Spanish Etiquette

Just a few rules I’ve learned so far. I think it’s interesting to compare/contrast with/to American etiquette, or how there are some things on here we’d never even consider.

  1. Do not walk inside of a house barefoot. It’s considered very rude.
  2. Do not eat while walking. You will receive confused stares. (Fast food and eating on-the-go does not exist here.) Spaniards believe that there is always time to take a moment to eat. If you don’t have the time, then by golly, you make it!
  3. Do not say “sorry” too much. It annoys the Spaniards. They make fun of how often Americans apologize.
  4. Do not yawn. EVER!!!!!! (Very, very rude)
  5. Always let the older person take your seat on a bus if there are no seats available.
  6. Do not tip the waiter at a restaurant, or if you feel like you must, just round the change up.
  7. Ladies, ignore the catcalls. Whatever you do, do NOT talk back and risk making it worse.
  8. Never walk in the bike lane. The cyclists get really, REALLY annoyed (I learned the hard way!).
  9. If sharing a plate of food with a group of friends, do not eat the last piece. (I’ll talk more about this later. It’s actually a pretty big deal.)
  10. Do not stretch while engaged in a conversation with someone. It gives the impression that you’re bored with what they are saying & aren’t focused on them.
  11. If you enter a church, your shoulders and legs should be completely covered. It’s disrespectful otherwise.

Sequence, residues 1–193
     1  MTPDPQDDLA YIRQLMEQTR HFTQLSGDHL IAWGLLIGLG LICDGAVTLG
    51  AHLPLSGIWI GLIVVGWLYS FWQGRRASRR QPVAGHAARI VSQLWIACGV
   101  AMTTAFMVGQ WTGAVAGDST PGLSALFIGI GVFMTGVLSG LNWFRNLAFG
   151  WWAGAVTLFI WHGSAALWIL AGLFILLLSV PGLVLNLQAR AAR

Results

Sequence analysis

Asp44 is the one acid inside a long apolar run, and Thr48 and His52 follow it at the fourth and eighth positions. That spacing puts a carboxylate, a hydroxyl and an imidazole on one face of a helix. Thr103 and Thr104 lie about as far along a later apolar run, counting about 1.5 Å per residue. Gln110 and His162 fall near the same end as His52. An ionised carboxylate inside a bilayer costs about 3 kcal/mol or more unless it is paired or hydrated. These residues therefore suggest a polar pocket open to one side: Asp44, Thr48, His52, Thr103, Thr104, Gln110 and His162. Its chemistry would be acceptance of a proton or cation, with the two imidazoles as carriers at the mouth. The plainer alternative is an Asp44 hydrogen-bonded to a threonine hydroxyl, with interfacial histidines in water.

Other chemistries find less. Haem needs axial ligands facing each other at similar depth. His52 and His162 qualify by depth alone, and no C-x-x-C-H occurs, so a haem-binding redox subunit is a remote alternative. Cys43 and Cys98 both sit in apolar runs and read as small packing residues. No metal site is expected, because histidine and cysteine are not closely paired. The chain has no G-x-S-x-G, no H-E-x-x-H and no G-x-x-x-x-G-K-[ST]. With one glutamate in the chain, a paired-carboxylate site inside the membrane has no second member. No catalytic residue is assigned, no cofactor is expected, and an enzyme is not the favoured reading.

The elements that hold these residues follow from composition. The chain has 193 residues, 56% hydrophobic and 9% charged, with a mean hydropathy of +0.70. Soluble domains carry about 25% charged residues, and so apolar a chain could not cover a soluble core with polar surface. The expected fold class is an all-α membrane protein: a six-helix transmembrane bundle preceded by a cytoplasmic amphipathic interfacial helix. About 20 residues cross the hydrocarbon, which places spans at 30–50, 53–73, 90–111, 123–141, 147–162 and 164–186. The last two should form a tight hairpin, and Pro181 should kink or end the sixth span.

12. Do not switch your utensils in your hands while eating (opposite of proper table manners in the United States, where you are supposed to switch them).
  13. Don’t beat around the bush. Just get to your point, and be honest. (Painfully honest, if I might add.)
  14. When eating at a table, it’s considered rude to have one of your hands resting in your lap. Keep both hands visible. This is from back in the day when people used to carry weapons on them. It’d make everyone else nervous if someone had a hand in their lap, because you didn’t know if they were holding a weapon. People kept their hands above the table so that everyone could feel more relaxed. While the weapons are no longer an issue, the tradition of keeping your hands visible remains.
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